Neymar’s recent four match suspension caused Brazil coach Dunga a great deal of consternation as the Seleção embarked upon CONMEBOL World Cup qualifying.
Prior to the opening qualifier with Chile in Santiago, the CBF went cap in hand to CONMEBOL and asked for their captain’s ban to be reduced. Dunga selected only 22 of his 23 squad allocation in case the governing bodies looked kindly upon Brazil’s pleas. It was to no avail.
Hulk and Ricardo Oliveira stepped into Neymar’s shoes in static number 9 roles, with mixed results. (Both men made goalscoring contributions, but neither was especially inspiring otherwise).
The duo that replaced much of Neymar’s absent spark were the wide men, Chelsea’s Willian and Bayern Munich’s Douglas Costa. Willian and Costa share a bond that an increasing amount of prominent Brazilian footballers share. They both played for Shakhtar Donetsk.
Shakhtar has become a kind of finishing school for Brazilian players in Europe. It’s a mutually beneficial relationship. Shakhtar feather their nest with some of the finest upcoming Brazilian talent and reap the profits once the birds are ready to fly the coop to bigger clubs.
The jump from Brazilian football to top level European teams is significant and clubs such as F.C. Porto and Villarreal have made it their business to bridge this divide, scouting the finest talent in South America, polishing away the rough edges and then redistributing to Europe’s behemoths for a tidy profit.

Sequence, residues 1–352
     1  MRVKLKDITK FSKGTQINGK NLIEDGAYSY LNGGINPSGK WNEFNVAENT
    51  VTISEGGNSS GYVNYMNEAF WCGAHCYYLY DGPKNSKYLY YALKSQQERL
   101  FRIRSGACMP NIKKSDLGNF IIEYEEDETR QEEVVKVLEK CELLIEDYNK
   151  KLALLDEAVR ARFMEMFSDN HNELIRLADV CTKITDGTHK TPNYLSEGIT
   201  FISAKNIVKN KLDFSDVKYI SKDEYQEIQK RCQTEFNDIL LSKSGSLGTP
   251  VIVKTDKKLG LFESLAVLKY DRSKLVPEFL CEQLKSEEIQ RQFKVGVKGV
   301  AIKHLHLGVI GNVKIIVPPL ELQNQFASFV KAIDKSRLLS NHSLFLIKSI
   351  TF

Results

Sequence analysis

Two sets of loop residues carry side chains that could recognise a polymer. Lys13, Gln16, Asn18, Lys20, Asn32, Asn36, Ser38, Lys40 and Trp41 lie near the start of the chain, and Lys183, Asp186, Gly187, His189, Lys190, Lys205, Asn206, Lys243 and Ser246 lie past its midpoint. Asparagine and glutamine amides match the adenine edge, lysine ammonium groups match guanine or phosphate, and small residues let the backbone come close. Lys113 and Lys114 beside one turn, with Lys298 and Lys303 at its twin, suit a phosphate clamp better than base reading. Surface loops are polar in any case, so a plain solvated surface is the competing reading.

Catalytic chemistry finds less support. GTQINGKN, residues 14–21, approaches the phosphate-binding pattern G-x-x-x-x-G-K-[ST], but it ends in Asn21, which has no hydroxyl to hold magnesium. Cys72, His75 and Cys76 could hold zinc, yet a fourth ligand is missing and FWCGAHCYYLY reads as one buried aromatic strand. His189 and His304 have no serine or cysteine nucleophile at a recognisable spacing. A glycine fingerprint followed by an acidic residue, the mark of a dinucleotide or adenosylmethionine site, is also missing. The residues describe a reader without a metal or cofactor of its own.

Villarreal and Porto have been the two most striking examples of this business plan of sorts, but over the last decade, Donetsk has pitched its flag into the ground to become Brazil’s most celebrated footballing college.
The strategy works for the Ukrainian club on a number of levels. In the best case scenario, they benefit from playing talent such as Fernandinho, Douglas Costa and Willian for a few years, redoubling their domestic dominance and ensuring that the carat of the Champions League stays firmly in place, before selling on at huge profit to more decorated European clubs.
Alex Teixeira, scorer of 23 goals this season, is likely to be Donetsk’s next cash cow. In July, after eight years and 77 goals, they sold Luiz Adriano to A.C. Milan for a tidy €8 million, good money for a 28 year old.
If the vultures do not circle, they are usually able to simply hold onto a player for their own ends, especially since they can pay competitively. Jádson spent seven years with Shakhtar, before returning to Brazil in 2012, aged 29. They were able to use him during his peak years. Shakhtar scout very carefully, but obviously not every gamble pays off.
Bernard, signed from Atlético Mineiro, has struggled to settle and has not seen eye to eye with laconic coach Mircea Lucescu. That said, Bernard has shown a flicker of a renaissance in recent weeks and many of their purchases have taken time to settle. Shakhtar have been charitable, affording young Brazilians that time. But with big sales such as Fernandinho, Luiz Adriano, Willian and Douglas Costa behind them and talents such as Teixeira and Fred fattening up nicely for future profit, Shakhtar can afford the odd hair in the soup in any case.